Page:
"Safe" (1.10)

Before I begin, I would like to advise those who have never seenFringe but would like to see it not to read any further, as this does contain spoilers. Episodes like this episode are why I like Season 1 so much. There is a lot of mythology, and it is part of an ongoing arc that moves through five episodes in a row. “The Dreamscape” is a bit of a break from the arc, but it still has a lot to do with the mythology. In fact, “The Dreamscape” is one of the most mythology-oriented episodes of the season, asking a great deal of questions but answering close to nothing. The arc is unfortunately broken by episode 1.12, “The No-Brainer,” a filler episode (for the most part, anyway) that doesn't have anything to do with the show's mythology. I really like this episode, ultimately giving it eight safety deposit boxes, because there is a great deal of mythology, and this is also the first episode in which Walter tells Peter that he “nearly died when you were a boy.” Plus, since Loeb is not killed off during Season 1, I am sure that he will be back, something that will definitely pay off and make Season 1 even better than it already is.

Well, my first comment that I want to make is that in regards to the scene during which Peter can't seem to believe that Olivia doesn't have a best friend, I wonder who Peter is to talk. Who ishis best friend, I wonder? I mean, I am sure that there are layers of Peter's past of which we are not aware; in fact, I know that there are, but if I had been Olivia, I definitely would have asked him that, asking who his best friend is. Anyway, regarding this episode, Peter definitely gets Fringie of the Week. First, there is that epic conversation between Peter and Walter, during which Peter basically tells Walter that Walter has been absent from his life for so long that he first of all doesn't know Peter and second of all has nothing valid to say about Peter's decisions, saying that Walter's absence from his life “renders any fatherly judgment you may have of me moot.” What breaks my heart is that the two of them would never have that conversation now, and Peter, of course, is about to discover his origins in the upcoming episode, episode 2.18, “The Man from the Other Side,” so everything that the two of them built since this episode will, quoting Peter, be “rendered moot.”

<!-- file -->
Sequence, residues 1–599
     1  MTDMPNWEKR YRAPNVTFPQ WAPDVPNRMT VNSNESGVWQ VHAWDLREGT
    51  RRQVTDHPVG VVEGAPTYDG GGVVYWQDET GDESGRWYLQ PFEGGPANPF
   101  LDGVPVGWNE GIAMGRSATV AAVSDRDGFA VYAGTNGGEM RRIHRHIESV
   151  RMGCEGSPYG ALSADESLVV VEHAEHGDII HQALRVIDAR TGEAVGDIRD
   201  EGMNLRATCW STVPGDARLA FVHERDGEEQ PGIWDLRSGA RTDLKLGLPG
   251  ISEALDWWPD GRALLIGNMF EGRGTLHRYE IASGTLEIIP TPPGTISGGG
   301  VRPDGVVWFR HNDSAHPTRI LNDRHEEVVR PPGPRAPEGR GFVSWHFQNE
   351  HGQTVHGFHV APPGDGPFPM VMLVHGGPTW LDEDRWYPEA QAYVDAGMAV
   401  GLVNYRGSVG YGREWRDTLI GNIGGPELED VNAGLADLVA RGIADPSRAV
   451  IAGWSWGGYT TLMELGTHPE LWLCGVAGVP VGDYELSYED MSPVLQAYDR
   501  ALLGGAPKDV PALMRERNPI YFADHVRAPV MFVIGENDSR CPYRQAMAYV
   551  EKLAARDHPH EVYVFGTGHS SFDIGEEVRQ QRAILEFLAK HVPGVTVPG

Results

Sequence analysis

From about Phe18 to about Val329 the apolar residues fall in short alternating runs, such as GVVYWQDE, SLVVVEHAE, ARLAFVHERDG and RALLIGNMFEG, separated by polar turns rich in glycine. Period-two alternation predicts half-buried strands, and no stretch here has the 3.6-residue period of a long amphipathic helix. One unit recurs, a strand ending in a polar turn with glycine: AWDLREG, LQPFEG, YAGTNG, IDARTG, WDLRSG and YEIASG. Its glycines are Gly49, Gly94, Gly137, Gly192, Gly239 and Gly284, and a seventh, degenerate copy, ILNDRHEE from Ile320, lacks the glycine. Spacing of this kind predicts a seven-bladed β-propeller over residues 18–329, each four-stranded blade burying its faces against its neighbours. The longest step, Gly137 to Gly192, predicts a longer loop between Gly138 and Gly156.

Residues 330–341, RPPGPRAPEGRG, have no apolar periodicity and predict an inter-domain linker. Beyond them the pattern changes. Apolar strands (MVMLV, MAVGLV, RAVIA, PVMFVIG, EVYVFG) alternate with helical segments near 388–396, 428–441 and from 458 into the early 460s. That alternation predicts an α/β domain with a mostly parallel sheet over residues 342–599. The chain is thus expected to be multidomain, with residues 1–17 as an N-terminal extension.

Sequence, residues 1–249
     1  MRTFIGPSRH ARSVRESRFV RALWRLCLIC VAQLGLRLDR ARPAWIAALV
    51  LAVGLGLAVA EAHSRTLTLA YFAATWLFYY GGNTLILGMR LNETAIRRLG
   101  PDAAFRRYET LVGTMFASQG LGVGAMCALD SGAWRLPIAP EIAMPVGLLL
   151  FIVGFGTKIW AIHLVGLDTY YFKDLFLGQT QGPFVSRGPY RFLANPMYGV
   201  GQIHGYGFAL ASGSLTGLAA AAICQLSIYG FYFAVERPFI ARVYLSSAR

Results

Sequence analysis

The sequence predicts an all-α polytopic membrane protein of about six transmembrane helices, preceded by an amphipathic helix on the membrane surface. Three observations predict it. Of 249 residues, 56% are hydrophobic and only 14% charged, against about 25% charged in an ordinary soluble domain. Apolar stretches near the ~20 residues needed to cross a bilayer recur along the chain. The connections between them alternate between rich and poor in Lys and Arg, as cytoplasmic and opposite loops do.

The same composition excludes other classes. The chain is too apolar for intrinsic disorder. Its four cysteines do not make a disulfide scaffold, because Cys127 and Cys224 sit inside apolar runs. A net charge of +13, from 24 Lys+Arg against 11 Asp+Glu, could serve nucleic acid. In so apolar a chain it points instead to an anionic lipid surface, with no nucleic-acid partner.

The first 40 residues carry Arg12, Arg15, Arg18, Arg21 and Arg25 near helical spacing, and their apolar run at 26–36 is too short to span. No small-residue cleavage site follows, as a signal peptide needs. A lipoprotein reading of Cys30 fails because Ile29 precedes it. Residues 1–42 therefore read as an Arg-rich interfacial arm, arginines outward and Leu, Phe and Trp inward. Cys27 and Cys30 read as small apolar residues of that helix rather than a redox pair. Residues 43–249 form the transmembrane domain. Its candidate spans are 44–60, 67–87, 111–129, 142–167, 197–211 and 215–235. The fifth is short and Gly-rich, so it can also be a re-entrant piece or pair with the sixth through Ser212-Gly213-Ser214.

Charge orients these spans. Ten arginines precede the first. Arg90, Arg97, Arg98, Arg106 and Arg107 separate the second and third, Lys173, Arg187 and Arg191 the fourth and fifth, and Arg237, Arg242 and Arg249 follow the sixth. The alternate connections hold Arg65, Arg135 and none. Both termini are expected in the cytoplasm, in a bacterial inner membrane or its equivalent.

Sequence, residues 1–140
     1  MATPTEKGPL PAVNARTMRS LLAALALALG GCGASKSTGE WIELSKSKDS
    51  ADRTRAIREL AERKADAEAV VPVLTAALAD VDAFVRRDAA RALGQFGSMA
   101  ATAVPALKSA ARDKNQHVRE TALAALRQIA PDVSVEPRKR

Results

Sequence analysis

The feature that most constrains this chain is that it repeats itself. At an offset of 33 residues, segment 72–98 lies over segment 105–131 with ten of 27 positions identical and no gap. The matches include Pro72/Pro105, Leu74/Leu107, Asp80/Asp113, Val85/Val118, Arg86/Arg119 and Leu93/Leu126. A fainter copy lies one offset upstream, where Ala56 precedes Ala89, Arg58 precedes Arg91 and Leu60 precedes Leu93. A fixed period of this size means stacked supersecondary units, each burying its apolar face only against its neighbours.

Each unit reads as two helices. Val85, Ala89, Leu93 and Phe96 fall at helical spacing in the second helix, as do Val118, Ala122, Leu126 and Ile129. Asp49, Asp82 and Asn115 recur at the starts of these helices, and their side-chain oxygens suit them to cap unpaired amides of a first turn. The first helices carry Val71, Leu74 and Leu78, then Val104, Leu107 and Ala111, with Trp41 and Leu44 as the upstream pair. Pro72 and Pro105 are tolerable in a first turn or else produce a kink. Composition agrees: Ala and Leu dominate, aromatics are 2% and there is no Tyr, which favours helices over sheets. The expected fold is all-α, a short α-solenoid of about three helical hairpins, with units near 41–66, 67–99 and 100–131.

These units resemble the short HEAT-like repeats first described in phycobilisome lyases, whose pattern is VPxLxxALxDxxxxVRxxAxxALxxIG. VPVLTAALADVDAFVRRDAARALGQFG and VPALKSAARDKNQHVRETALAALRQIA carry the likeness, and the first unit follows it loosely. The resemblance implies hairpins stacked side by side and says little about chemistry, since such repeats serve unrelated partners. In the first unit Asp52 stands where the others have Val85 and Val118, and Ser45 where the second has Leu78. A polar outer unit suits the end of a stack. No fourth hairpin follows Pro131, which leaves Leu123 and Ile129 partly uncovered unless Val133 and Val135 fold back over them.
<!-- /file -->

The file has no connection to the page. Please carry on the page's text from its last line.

Anyway, Walter apologizes, telling Peter that he did not intend to pass judgment but instead intended to comment on Peter's potential. “You have no idea what you're capable of, Peter,” he tells him, which he almost tells him again in episode 2.17, “White Tulip,” when he writes in the letter that he later burns that “you are special, Peter, in a way no one else is." The Observers (September, August and December, anyway) seem to agree that Peter is special, too, and I think that there's more to all of this than just the fact that Peter is from the Other Side. I don't know what, but there is definitely more to it than that, I think, something of which Walter is fully aware. Then, of course, as previously mentioned, there is Walter's first mention of Peter's childhood, when he “nearly died.” We now, of course, know the truth behind that, but why does Walter tell Peter about the doctor named Alfred Grass? Did he make him up, or was teleportation actually a measure to which he resorted? It's very ironic, by the way, that how Peter rolling the coin on his knuckles, just like we see young Peter do in episode 2.15, “Peter,” impresses Walter so much, since he is the one who showed Peter how to do it (in this reality) and also interesting that it is what urges Walter to tell Peter that he “nearly died.”

There is also a lot of foreshadowing in this episode that suggests that Peter and Olivia will later be involved in a romantic relationship. He gets so excited when he hears “bar in Cambridge” and instantly seizes his opportunity to go with Olivia, clearly indicating that he has the hots for her. He is also clearly offended when Olivia's aliases that she uses at the bar puts Peter in the position of being her brother. “Brother?” he asks her incredulously, to which Olivia replies, “Yeah, and it works better that way.” Then, he urges her to stick around for a few more drinks, something to which she surprisingly agrees. During this scene, it is clear that they are flirting with one another, and after they play the game with the cards, it is revealed that Olivia is very skilled when it comes to remembering numbers, something that she says has been a talent since she was a young girl. Does this possibly foreshadow the Cortexiphan trials? Maybe, the reason that she is so good at remembering numbers is because the Cortexiphan gave her that ability. Anyway, it is clear that Peter wants so badly for that to have been a date, and, of course, Walter is his usual self in trying to hook Olivia and Peter up. When the two of them wake him up, telling him that it's because of something really important, he wakes up and says, “Oh, do you two want to use the room?” As always, you have to love Walter.